Editor’s Note: Lehman’s invited local homesteader Sarah Kroger and her family to attend this year’s Country Living Workshop. In exchange, she’s sharing her experience. Enjoy!
When I told my daughters, ages 9 and 11, that we were going to Lehman’s Country Living Workshop, they looked at me kind of like confused puppies…heads cocked, brows furrowed. “Don’t worry, it’ll be fun!” I said.
I’m not sure they believed me, but they went along like good sports, (the fudge they were given in their kid packets upon arrival helped) and we were on our way.
I always love the drive from my house to Lehman’s. I never knew how fortunate I was to live so close. This homesteading thing is new to me. I grew up in the suburbs with pet dogs and a little raised bed garden. It’s only been in the last few years that we’ve branched out into growing more food with purpose, raising animals, preserving, and building community with others who do the same.
So when I had a chance to come where all of my teachers would be in one place, you better believe I was all over it. Not to mention the fact that Joel Salatin himself would be there. His book, Folks! This Ain’t Normal, was amazing in how it laid out how things “used to be” and gave some simple steps on how to get back to that simple life. Frankly, most of the speakers were celebrities in my mind. I attended Aaron Weaver’s Beginning Beekeeping course at Lehman’s a few months ago and was excited to pick his brain about varroa mite treatment and hear what his advanced session would bring. I attended Karen Geiser’s gardening class last year, but this time she was talking about fermenting fresh veggies and I love that that’s the only preservation method that actually increases the nutritional value of our food! I love Deb Gray. She’s a local goat keeper, and lotion and soap maker and has been my “goat yoda” for the last year as we’ve been beginning goat owners. My daughters were so excited to hear what she had to say. They also loved making butter, ice cream, noodles and hearing how other kids help on their homesteads. At the end, they said they really had a great time.
We’ve been following Off Grid with Doug and Stacy for a while now and came to see them last fall when they were at Lehman’s for their Field Trip Friday. This time, rather than just a social meet and greet, I loved hearing about food as medicine. Stacy did an amazing outline of the different colors of veggies and how each was a healing agent to your body. Doug gave us some great tips on choosing what to plant for success at farmer’s markets as well as how to arrange things to be attractive to customers. They’re so gracious as well. My 9-year-old drew Stacy some pictures over the course of the day, and in addition to accepting them with a smile, she even thanked my daughter on Facebook! Sure made her feel special.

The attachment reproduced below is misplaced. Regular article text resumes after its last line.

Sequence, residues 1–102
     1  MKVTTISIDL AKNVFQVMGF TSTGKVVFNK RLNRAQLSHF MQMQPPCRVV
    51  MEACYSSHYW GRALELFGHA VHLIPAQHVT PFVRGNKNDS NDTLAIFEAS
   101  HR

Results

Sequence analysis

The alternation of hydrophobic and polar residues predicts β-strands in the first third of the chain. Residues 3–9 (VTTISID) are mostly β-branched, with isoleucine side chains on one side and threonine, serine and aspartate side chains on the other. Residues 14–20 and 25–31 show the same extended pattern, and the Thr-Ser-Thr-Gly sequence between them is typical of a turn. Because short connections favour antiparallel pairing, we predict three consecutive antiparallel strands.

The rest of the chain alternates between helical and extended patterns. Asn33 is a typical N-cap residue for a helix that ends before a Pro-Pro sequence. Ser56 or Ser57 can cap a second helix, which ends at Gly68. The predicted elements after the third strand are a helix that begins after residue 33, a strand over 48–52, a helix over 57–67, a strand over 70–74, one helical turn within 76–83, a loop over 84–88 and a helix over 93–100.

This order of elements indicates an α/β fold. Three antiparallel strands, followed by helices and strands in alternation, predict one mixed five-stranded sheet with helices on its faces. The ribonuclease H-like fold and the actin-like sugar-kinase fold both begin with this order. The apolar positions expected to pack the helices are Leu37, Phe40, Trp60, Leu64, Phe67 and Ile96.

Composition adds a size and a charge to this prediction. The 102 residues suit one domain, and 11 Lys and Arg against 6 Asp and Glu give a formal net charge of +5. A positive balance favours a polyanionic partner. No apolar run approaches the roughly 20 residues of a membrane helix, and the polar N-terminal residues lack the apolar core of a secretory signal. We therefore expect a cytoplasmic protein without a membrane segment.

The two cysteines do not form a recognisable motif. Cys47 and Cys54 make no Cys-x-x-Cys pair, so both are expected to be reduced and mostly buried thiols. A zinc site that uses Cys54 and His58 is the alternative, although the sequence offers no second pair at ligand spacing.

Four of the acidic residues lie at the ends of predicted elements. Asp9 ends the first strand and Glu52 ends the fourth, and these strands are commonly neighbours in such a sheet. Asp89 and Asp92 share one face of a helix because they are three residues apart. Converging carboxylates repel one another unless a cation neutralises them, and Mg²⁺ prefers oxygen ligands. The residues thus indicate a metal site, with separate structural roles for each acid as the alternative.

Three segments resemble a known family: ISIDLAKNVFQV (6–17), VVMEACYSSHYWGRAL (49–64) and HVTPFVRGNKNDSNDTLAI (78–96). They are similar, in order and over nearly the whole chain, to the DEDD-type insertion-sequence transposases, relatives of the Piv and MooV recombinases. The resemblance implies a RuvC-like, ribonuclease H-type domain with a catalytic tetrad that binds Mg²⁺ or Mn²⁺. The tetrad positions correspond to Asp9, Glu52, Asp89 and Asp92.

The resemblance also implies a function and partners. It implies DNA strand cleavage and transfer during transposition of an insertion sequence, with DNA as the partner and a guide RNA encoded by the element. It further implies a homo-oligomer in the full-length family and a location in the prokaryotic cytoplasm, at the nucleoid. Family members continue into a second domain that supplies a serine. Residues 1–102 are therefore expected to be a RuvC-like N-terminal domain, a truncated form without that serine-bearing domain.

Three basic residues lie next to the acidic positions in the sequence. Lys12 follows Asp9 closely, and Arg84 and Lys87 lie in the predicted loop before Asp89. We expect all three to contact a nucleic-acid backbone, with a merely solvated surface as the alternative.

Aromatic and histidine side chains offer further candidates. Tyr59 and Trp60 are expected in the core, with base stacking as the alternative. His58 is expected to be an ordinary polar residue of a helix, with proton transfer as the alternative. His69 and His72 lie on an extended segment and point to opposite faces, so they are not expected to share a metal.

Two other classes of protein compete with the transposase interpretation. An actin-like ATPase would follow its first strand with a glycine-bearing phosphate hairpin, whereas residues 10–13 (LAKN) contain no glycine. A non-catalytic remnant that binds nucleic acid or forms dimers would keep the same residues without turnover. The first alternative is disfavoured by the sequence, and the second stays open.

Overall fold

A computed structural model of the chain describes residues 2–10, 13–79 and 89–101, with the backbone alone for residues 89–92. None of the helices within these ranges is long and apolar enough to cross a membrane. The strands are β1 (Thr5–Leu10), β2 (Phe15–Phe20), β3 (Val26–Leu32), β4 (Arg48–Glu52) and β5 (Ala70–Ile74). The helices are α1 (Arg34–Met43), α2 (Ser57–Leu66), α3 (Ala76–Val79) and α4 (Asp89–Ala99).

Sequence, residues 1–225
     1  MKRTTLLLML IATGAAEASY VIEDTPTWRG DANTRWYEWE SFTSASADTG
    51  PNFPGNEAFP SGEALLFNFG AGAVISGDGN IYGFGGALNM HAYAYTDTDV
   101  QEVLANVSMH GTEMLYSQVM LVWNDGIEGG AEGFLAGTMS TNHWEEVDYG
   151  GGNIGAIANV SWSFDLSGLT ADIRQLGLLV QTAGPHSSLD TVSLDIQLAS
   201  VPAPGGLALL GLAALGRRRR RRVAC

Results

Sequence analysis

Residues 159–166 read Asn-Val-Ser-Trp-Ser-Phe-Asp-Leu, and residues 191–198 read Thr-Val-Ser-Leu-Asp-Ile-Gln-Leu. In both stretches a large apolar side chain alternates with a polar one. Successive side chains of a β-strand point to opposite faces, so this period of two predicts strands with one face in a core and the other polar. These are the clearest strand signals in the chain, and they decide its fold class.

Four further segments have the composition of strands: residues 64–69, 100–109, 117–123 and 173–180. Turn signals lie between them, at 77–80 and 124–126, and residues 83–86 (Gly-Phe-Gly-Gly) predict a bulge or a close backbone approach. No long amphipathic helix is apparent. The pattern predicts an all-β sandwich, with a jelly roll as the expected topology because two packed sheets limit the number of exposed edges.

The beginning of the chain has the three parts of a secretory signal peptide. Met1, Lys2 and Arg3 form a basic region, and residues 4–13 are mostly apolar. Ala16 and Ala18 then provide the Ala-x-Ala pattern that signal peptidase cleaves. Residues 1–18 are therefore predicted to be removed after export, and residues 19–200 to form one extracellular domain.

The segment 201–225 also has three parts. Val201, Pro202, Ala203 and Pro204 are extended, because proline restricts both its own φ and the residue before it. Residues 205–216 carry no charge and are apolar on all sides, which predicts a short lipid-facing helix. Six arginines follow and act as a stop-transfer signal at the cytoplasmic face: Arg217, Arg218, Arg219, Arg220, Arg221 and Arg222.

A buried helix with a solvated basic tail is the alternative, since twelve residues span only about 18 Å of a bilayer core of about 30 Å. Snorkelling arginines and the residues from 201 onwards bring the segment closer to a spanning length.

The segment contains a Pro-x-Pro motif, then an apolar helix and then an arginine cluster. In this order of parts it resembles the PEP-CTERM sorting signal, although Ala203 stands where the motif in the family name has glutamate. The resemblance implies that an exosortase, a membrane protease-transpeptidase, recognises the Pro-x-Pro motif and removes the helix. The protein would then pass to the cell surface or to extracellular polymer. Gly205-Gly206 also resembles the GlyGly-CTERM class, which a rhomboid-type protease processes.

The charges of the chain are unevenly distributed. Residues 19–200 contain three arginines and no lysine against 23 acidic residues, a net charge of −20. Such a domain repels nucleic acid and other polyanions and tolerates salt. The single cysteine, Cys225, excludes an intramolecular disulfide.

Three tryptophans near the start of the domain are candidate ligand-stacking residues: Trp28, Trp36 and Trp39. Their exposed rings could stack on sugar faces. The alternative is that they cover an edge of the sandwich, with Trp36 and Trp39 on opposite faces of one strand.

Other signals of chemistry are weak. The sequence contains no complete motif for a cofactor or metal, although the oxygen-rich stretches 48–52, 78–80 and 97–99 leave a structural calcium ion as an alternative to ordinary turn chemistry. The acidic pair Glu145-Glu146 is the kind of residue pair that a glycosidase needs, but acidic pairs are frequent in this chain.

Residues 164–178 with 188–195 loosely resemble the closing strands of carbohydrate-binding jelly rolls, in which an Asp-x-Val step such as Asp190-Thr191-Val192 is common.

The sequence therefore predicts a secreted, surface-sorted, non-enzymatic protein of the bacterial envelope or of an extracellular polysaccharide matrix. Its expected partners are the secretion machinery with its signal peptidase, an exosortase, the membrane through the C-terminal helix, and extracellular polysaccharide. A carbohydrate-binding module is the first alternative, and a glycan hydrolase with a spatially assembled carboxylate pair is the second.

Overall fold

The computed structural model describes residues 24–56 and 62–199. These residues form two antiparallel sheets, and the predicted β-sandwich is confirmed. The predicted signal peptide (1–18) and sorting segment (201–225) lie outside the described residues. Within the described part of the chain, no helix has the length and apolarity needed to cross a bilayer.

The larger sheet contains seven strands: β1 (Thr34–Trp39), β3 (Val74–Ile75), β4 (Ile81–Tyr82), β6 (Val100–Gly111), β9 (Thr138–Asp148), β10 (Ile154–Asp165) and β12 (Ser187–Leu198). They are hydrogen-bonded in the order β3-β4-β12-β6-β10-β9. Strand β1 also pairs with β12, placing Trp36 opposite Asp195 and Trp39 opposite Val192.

Frankly, though, the piece that was the most impactful to me over the course of the day was looking around and seeing Community, Education, and Inspiration happening all in one place. You see, some of the things I’m doing with my family are so far removed with how I grew up and how many of my friends are living their lives. I am setting up to have my hands on most of my food during the course of its life, preparing it myself, tying myself to my homestead, and doing things to create, not an easier life….in fact, at 40, this is the most physically demanding my daily life has ever been…but a simpler life. We started our journey looking for “cleaner” food, now we are moving toward “one ingredient food” and knowing where as much of it comes from as possible.
Now, despite what it says in Mr. Salatin’s book, THIS life is what’s not normal. We rarely use a microwave, and I basically make three meals a day from scratch. Who does that?
Well, many of the people at this workshop do. I learned many new things, and in fact, I am trying Mrs. Geiser’s recipe for “wimpy American kimche” later today! But looking around and seeing people who are “like me” and are thriving in this simple life was gold. Listening to Joel Satalin talk about raising the next generation to caress the land while hearing cows moo in the background and children giggling over the ice cream they just made, I left inspired to try new things and share what I’ve learned. I left encouraged that I really am providing a good life for my children. And I left with connections that I never would have made had I not attended this year’s Country Living Workshop. And of course, I can’t wait until next year’s!
Were you unable to attend this year’s Country Living Workshop? No worries. Lehman’s offer other great in-store classes and special events, too. Click here to see the full list.